6. The interests of publishers and booksellers must be protected by building in frictions that set 21st-century versions of the limits to supply which are inherent in the physical loans market (and where possible, opportunities for purchase should be encouraged). These frictions include the lending of each digital copy to one reader at a time, that digital books could be securely removed after lending and that digital books would deteriorate after a number of loans. The exact nature of these frictions should evolve over time to accommodate changes in technology and the market.

It is good to see recommendations 1 through 5, but the sixth is really peculiar. The report seeks to propagate the known limitations of a physical book, one copy in one person’s hands, and more hands means the book deteriorates over time. The whole point of an ebook is we escape this physical tyranny. The Luddites have won again.

Enrolled for Open Education MOOC at OU UK

As an avid supporter of MOOCs will form the future of all open education I have enrolled as a student in the Open Education MOOC offered by the Open University UK. The distinguished education technology guru +Martin Weller is the lead instructor. I hope to learn about the pedagogy behind MOOCs for my own talk to my local higher ed institution where I hold the honorary position of Adjunct Prof.

To regular readers of this blog please note that all posts tagged with the #h817open label are my work items submitted to the Open Education MOOC. Feel free to ignore these h817open posts.

The MOOC becomes a Networked Textbook

Once again we are treated to ground-breaking ideas by Dave Cormier in his post entitled ‘MOOC as Networked Textbook and a look back at the feedbook’. He suggests the feedbook, a collection of feeds from experts in a field that create a ‘living textbook’, replace the traditional textbook that contains knowledge trapped in time.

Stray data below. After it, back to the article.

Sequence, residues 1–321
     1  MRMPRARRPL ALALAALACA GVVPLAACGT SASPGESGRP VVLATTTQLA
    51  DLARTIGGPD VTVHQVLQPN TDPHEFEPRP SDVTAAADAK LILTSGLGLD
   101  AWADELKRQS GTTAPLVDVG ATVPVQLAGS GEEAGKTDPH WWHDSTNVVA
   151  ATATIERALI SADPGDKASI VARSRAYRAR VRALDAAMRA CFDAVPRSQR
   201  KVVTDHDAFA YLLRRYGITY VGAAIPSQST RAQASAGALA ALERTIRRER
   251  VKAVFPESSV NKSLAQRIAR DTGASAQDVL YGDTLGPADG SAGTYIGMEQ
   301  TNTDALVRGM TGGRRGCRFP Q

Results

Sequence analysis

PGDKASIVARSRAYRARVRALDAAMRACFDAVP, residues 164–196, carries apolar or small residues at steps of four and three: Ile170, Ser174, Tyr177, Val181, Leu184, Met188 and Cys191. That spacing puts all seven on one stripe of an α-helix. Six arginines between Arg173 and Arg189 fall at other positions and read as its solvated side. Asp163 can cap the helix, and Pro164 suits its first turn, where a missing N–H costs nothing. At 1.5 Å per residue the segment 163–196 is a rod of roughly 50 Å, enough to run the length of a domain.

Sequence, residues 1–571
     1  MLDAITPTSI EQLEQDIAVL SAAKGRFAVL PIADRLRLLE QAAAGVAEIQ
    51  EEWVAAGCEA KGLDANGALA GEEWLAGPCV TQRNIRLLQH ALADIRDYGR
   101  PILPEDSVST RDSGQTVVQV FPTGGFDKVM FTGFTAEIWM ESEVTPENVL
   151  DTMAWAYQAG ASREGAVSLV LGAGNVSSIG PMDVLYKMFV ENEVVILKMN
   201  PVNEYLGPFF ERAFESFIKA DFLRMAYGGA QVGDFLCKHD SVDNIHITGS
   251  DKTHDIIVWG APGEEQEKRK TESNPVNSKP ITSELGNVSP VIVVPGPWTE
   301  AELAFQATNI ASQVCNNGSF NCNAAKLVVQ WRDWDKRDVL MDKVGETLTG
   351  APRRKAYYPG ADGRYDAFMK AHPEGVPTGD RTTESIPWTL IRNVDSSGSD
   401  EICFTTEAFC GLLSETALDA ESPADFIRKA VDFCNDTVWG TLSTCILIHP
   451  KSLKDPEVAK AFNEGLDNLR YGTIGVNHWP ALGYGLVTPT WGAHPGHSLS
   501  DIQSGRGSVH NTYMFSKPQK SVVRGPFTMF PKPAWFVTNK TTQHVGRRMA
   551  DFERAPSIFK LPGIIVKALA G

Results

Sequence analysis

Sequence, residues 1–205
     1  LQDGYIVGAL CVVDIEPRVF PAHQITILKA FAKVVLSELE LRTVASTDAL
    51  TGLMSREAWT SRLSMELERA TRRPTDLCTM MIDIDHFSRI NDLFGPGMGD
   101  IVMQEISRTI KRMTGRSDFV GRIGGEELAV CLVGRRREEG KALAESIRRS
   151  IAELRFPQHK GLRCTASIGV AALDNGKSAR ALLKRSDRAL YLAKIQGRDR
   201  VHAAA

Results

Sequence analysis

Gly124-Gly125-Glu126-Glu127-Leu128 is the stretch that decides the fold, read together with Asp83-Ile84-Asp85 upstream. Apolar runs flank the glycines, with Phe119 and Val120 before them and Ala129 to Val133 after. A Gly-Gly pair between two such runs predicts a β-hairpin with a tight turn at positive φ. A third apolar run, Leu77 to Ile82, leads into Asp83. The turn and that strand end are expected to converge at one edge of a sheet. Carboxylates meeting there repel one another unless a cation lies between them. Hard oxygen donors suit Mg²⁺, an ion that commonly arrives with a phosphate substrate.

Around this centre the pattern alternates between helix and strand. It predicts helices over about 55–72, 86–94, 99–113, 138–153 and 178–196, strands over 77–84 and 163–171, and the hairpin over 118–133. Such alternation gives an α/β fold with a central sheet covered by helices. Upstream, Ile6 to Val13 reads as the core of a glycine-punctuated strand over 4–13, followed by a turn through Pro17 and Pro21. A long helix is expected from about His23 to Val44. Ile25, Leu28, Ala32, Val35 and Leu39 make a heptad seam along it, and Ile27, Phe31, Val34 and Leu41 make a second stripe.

My favourite quote:

Choosing and choosing well has always been a valuable literacy, but in the context of a world of knowledge abundance, choice is [has] slowly become the most important literacy.

In the end, and this is my bias showing, the community becomes the curriculum.

A full read of the post is strongly recommended.

Experiences with Music Streaming Services on Sonos

Over the last few months like many in Australia I have had the opportunity to try several music streaming services. A monthly payment of up to $15 secures access to literally many millions of music tracks including all new releases. As it happens a Christmas 2011 present of a Sonos wireless music system proved to be a perfect fit for streaming music. A Sonos slogan is ‘stream every song on earth’.

My Sonos came with free beta access to the Songl music service which I started using in February 2012. Although still in beta the free trial just ended in the first weeks of August. Songl was a very good introduction but I found its selection of music, especially for a person in their 60s like myself, to be limited. I won’t be paying $12.99/month from September.

2012-08-19 SNAG-00In the first quarter of 2012 I signed up for Rdio, the first major international streaming service available in Australia. Like most services with two tiers of subscription I needed the more expensive version to use with Sonos. Rdio is $12.90 per month. The music selection is extensive and it has the Pandora-like radio station model for playing music related to a named favourite artist. Except I find the Rdio artist stations very poor. Artist and album selection though are excellent. It is the interworking with Sonos that is critical for me.